Margaret Lee Dyer Bishop, 81, homemaker Margaret Lee...

April 27, 2001

Margaret Lee Dyer Bishop, 81, homemaker

Margaret Lee Dyer Bishop, a homemaker who had a flair for arranging flowers, died Monday of an infection at Gilchrist Center for Hospice Care in Towson. She was 81 and lived in Murray Hill.

Mrs. Bishop was a charter member of the Woodbrook-Murray Hill Garden Club, and she relished taking part in the Flower Mart in Mount Vernon, said her son, Alexius Owen Bishop of Baltimore.

Born in Delight, Baltimore County, Margaret Lee Dyer was a 1939 graduate of the now-defunct Mount St. Agnes High School in Mount Washington. In 1940, she married John Owen Bishop, a building contractor who died in 1989.

They had four children, and Mrs. Bishop spent summers with the children in Ocean City. Her youngest son, Todd Christopher Bishop, died in his teens.

A funeral Mass for Mrs. Bishop will be offered at 11 a.m. today at the Lady Chapel of the Roman Catholic Cathedral of Mary Our Queen, 5300 N. Charles St., where she was a founding member.

She is also survived by two daughters, Barbara Ann Wilson of Baltimore and Brendy Melinda Esmond of Vienna, Va.; a brother, Alexius A. Dyer of Baltimore; two sisters, Patricia Dyer Smith and Sherry Dyer Smith, both of Bel Air; and six granddaughters.

Noel Speir Cook, 95, Maryland legislator

Noel Speir Cook, a retired attorney and former Maryland legislator, died Monday of kidney failure at Vantage House retirement community in Columbia, where he had lived since 1996. He was 95.

Mr. Cook, an Allegany County Republican, was elected to the House of Delegates in 1947 and served under five governors -- William Preston Lane, J. Millard Tawes, Theodore Roosevelt McKeldin, Spiro T. Agnew and Marvin Mandel.

For years, he was a member of the Judiciary Committee.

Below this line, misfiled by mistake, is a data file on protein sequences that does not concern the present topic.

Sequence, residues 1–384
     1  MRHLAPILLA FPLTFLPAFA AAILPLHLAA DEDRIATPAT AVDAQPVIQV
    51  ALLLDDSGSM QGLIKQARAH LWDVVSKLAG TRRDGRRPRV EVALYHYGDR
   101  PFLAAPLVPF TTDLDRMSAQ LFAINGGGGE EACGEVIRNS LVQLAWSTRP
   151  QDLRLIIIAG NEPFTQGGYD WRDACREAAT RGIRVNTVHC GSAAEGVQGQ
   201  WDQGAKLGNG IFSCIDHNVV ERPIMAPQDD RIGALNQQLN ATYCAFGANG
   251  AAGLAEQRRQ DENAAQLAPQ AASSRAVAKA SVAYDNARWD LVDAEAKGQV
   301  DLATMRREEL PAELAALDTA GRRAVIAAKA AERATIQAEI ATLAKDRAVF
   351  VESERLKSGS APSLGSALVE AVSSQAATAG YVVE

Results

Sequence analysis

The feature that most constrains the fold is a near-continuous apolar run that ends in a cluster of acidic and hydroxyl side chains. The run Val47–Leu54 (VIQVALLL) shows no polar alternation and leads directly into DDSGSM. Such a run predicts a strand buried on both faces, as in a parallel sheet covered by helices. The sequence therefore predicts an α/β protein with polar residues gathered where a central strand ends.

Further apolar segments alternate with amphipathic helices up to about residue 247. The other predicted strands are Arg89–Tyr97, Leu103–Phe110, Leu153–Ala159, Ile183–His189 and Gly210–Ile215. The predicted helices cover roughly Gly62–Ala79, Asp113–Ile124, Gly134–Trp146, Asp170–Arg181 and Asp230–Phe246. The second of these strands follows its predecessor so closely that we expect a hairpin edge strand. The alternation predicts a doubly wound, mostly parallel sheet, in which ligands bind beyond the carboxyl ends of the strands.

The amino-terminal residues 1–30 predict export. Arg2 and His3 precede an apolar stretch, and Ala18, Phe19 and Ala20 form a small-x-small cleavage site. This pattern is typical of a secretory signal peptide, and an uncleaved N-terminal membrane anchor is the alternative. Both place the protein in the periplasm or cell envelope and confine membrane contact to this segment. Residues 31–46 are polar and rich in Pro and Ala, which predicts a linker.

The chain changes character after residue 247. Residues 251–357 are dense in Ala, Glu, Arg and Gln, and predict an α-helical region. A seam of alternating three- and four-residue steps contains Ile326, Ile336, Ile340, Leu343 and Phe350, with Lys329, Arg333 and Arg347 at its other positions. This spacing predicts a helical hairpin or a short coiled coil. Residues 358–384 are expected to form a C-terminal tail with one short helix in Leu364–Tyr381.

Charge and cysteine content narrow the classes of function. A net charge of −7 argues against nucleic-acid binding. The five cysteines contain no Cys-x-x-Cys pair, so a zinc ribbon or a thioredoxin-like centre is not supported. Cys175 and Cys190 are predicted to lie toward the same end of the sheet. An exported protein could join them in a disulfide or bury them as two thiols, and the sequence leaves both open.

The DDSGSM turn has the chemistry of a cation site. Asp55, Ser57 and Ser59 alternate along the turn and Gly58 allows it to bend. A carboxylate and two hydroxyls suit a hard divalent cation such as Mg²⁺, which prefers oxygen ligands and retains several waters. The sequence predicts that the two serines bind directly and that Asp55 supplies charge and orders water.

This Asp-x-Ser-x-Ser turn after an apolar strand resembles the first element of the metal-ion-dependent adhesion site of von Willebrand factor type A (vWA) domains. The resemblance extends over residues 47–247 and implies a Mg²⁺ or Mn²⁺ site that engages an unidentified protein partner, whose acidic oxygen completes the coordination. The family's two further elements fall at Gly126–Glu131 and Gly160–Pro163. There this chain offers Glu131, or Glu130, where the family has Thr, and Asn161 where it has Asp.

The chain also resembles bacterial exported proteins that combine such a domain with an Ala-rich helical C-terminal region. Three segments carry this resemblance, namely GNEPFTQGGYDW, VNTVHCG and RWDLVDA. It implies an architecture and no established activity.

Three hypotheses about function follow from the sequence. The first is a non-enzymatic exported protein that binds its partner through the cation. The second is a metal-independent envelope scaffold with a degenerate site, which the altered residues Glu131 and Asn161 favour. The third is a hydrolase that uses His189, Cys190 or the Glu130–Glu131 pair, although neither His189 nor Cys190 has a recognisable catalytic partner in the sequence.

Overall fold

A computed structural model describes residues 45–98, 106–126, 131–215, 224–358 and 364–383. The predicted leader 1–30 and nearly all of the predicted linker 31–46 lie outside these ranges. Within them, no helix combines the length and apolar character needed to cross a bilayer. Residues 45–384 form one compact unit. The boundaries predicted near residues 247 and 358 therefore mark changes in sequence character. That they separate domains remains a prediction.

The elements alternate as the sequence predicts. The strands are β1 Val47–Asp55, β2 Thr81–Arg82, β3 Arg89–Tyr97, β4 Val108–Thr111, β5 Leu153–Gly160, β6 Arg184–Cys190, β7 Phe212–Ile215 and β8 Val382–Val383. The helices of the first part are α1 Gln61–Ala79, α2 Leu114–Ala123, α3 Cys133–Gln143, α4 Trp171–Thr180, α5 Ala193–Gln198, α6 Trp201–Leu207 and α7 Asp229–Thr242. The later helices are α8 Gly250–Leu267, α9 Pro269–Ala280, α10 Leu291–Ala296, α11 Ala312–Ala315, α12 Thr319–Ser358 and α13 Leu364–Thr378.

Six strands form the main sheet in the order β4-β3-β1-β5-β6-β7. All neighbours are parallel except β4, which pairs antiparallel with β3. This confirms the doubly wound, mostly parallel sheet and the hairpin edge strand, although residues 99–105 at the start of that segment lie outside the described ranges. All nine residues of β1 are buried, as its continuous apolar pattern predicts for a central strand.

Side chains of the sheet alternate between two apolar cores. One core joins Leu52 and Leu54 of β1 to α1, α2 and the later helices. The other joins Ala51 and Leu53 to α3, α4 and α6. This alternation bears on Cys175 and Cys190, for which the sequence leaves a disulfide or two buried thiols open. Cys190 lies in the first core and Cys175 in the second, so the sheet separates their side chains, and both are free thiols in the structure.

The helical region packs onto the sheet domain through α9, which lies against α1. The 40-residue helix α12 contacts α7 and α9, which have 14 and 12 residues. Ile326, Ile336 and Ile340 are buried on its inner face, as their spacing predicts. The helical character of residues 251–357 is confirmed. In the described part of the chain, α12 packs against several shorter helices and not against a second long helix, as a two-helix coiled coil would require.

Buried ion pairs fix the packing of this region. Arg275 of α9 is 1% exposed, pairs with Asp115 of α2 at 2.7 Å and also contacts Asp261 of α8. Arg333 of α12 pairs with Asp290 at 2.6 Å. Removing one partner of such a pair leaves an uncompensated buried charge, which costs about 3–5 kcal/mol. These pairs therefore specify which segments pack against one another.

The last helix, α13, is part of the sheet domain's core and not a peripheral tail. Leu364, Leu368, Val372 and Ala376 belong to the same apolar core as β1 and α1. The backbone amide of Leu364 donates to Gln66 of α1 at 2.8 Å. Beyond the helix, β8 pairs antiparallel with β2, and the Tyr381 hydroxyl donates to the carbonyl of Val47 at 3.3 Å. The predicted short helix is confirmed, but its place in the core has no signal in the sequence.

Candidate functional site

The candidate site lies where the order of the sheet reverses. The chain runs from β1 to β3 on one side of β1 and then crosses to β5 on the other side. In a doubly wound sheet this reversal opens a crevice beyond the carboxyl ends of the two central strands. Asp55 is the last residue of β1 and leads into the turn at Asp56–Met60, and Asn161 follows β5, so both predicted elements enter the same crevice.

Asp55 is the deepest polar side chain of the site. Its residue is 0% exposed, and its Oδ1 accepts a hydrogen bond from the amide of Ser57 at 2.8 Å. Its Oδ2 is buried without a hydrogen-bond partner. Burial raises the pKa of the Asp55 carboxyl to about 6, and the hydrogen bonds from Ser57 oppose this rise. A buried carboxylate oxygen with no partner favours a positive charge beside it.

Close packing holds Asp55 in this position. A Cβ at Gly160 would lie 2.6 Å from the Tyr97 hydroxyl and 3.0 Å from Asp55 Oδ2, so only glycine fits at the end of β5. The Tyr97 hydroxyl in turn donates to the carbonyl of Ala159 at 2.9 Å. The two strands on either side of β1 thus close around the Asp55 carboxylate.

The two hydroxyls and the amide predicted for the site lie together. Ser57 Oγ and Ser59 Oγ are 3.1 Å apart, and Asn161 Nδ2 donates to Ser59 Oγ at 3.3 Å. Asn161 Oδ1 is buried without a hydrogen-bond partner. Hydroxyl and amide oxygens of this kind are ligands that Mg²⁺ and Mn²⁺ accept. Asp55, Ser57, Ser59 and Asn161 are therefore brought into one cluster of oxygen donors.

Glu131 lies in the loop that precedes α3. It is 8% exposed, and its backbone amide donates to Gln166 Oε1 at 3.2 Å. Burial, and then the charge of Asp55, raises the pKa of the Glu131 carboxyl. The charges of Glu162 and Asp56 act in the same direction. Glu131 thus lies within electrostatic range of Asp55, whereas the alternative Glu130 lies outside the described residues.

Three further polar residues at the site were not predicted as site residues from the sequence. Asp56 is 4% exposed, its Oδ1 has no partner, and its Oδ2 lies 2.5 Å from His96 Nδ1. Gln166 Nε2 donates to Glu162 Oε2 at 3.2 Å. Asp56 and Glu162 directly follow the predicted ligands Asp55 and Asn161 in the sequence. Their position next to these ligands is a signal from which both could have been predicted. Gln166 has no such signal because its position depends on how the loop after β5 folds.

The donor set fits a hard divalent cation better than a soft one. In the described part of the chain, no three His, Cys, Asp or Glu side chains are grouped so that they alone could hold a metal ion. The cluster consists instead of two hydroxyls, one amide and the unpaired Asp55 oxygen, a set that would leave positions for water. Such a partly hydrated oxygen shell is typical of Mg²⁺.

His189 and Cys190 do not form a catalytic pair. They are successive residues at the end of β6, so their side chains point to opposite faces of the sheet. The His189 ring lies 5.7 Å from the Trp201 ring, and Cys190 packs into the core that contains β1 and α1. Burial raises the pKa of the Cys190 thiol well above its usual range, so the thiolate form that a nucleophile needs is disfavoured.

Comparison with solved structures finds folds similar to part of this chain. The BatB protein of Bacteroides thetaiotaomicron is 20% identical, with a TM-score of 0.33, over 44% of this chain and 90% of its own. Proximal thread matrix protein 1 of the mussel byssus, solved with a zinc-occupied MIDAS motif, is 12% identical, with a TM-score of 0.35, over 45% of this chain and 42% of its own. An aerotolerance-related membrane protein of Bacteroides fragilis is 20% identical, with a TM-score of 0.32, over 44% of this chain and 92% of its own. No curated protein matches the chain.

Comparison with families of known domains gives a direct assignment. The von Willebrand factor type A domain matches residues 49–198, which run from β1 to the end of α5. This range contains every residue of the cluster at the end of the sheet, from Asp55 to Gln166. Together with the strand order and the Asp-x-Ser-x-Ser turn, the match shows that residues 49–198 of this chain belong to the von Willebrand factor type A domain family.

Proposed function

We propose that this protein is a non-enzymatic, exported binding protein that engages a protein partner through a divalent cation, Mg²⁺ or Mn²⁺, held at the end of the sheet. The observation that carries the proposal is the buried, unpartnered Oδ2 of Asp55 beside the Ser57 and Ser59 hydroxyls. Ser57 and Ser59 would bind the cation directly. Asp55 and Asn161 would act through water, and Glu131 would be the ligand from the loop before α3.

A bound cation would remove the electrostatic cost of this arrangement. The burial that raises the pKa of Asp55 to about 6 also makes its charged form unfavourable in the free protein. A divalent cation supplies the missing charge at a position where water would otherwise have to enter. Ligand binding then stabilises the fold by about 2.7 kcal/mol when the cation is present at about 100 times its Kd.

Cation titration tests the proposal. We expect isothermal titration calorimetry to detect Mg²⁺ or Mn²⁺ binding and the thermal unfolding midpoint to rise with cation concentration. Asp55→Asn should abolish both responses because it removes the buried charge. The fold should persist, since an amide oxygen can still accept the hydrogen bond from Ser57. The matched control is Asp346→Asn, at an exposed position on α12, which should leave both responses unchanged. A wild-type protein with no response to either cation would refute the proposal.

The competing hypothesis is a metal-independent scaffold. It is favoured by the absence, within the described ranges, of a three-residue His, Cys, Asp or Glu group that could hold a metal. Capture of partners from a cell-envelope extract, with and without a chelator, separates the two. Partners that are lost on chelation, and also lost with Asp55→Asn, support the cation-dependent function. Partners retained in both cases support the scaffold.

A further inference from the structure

In 1969, he was appointed by Governor Agnew to fill a state Senate vacancy. He retired in 1970.

Mr. Cook had served as town attorney for Lonaconing and Frostburg, and had a general law practice in Cumberland from which he also retired in 1970.

After retiring, the longtime Frostburg resident moved to Sun City, Ariz., then to Annapolis in 1985.

The Frostburg native earned a bachelor's degree from what is now Frostburg State University in 1924 and a law degree from the University of Maryland in 1930.

He was a past president of the Allegany County Bar Association and a member of the Maryland Bar Association.

He was a 32nd-degree Mason and belonged to several civic groups, including the Elks and the Ali Gahn Shriners of Cumberland.

He was a former member of St. Paul's Lutheran Church in Frostburg.

In 1935, he married Anna Ruddle, who survives him.

"He enjoyed sipping martinis, playing gin rummy and reading," his wife said.

Services were held yesterday.

Mr. Cook also is survived by several nephews and nieces.

David Michael Kraus, 56, policeman, scale technician

David Michael Kraus, a former Baltimore police officer and commercial scale technician, died Saturday of a heart attack outside his home in New Windsor. He was 56.

Known to friends as Mike, Mr. Kraus was a police officer from 1969 to 1979, first in the Northern District and then with the narcotics division. In 1971, the Greater Govans Community named him officer of the year for helping to end a rash of purse snatchings.

He left the police force frustrated by persistent crime. "It didn't seem like they were getting anywhere, just beating your head against the wall," said his wife of 28 years, the former Lillian Davis.

From 1964 to 1969, Mr. Kraus was a mechanical technician for Johnson Control Inc. After leaving the Police Department, he worked at Goose Harbor Yacht Club in Essex for two years. Since 1981, he had worked at Loadometer Corp. in Essex.

Born in Baltimore, he was a 1964 graduate of Polytechnic Institute. He served in the Army Reserves from 1965 to 1971.

An avid golfer, he had planned to retire to Myrtle Beach, S.C.

Services were held Wednesday.

He is also survived by his mother, Kathryn Eichhof, and stepfather, Frank Eichhof, both of Westminster; and a brother, Kurt Kraus of Finksburg.

Frank W. Carman, 82, bank vice president

Frank W. Carman, who started as a bank teller at the Savings Bank of Baltimore and retired as executive vice president, died April 20 of lung cancer at the Gilchrist Center for Hospice Care in Towson.

The longtime Towson resident was 82.

The day after he graduated from City College in 1937, Mr. Carman joined the downtown bank at Baltimore and Charles streets as a $15-a-week "runner," part-time switchboard operator and helper at the Check Desk. Over the years, he moved up to various executive positions and was named executive vice president of investments in 1975.

"I considered myself very fortunate to land a job that quickly when the country was still in the throes of the Depression," he said in the bank's employee newsletter when he retired in 1984.

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